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More rate cuts likely, but Street unfazed

More rate cuts likely, but Street unfazed
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First Published: Mon, May 03 2010. 10 40 PM IST

Updated: Mon, May 03 2010. 10 40 PM IST
The key takeaway from the HSBC Purchasing Managers’ Manufacturing Index (PMI) for April was not so much the high headline number, which at 57.2 showed continued month-on-month expansion, though the pace has been slackening.
The headline PMI has now been decelerating for two months, from 58.5 in February to 57.8 in March and now to 57.2. Nevertheless, as the most recent data on auto sales show, growth is still strong. But it’s a fact that has already been built into the markets.
What’s more important are the clues for higher inflation. The problem is that high growth has already started leading to higher output prices for firms. The April PMI release says that output prices registered their strongest reading in three months. That means manufacturing companies now have pricing power.
HSBC’s senior Asian economist Robert Prior-Wandesforde has pointed out: “Surveys of capacity utilization and skilled labour shortages point to significant and growing product and labour market constraints.”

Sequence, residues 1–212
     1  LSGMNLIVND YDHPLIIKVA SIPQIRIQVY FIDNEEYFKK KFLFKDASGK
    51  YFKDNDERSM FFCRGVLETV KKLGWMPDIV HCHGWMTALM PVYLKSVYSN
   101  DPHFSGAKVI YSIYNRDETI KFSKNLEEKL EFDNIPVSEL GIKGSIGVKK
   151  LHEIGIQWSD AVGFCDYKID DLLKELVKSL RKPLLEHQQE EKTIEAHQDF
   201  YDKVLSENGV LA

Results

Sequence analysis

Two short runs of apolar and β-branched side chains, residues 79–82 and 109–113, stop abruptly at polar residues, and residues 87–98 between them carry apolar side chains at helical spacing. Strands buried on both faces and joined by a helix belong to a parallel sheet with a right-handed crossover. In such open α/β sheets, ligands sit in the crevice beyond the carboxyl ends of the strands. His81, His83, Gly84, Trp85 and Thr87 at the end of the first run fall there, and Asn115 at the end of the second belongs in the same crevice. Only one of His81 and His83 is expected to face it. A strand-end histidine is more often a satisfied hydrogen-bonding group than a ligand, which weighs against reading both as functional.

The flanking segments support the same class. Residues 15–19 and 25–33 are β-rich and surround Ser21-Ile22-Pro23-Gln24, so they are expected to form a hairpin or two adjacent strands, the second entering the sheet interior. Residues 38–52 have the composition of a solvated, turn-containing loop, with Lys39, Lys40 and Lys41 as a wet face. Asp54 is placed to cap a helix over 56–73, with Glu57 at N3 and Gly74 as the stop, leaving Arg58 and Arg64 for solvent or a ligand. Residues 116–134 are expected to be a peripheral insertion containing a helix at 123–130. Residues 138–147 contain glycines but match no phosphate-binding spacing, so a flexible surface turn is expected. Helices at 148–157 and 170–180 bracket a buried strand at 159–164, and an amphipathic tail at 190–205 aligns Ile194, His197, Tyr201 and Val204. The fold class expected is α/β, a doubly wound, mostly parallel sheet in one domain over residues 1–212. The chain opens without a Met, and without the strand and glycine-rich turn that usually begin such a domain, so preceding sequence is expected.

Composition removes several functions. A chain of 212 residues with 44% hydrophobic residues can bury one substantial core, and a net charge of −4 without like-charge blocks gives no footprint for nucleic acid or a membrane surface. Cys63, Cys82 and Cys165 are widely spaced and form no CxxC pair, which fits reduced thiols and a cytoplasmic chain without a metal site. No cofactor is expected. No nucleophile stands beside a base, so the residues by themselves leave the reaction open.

The continued rise in output prices will not be a source of comfort to the Reserve Bank of India and it increases the chances of another policy rate hike coming through sooner than expected, perhaps before the next credit policy meeting. It’s no wonder then that the yield on the benchmark 10-year government bond is hovering near an 18-month high.
The equity market, however, seems to be taking a more optimistic view of RBI tightening. The Bombay Stock Exchange’s auto, bankex and realty indices, representing the interest-rate sensitive sectors, have all outperformed the benchmark Sensex index as well as the BSE 500 index in the past one month.
Investors are betting that interest rates are still too low to slow growth.
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First Published: Mon, May 03 2010. 10 40 PM IST